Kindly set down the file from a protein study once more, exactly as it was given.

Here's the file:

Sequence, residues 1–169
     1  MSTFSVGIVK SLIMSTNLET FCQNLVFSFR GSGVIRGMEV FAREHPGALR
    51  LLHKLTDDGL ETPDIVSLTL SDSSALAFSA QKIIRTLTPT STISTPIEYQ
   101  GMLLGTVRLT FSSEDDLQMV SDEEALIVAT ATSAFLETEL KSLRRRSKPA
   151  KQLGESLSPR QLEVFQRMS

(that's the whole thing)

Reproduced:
Sequence, residues 1–169
     1  MSTFSVGIVK SLIMSTNLET FCQNLVFSFR GSGVIRGMEV FAREHPGALR
    51  LLHKLTDDGL ETPDIVSLTL SDSSALAFSA QKIIRTLTPT STISTPIEYQ
   101  GMLLGTVRLT FSSEDDLQMV SDEEALIVAT ATSAFLETEL KSLRRRSKPA
   151  KQLGESLSPR QLEVFQRMS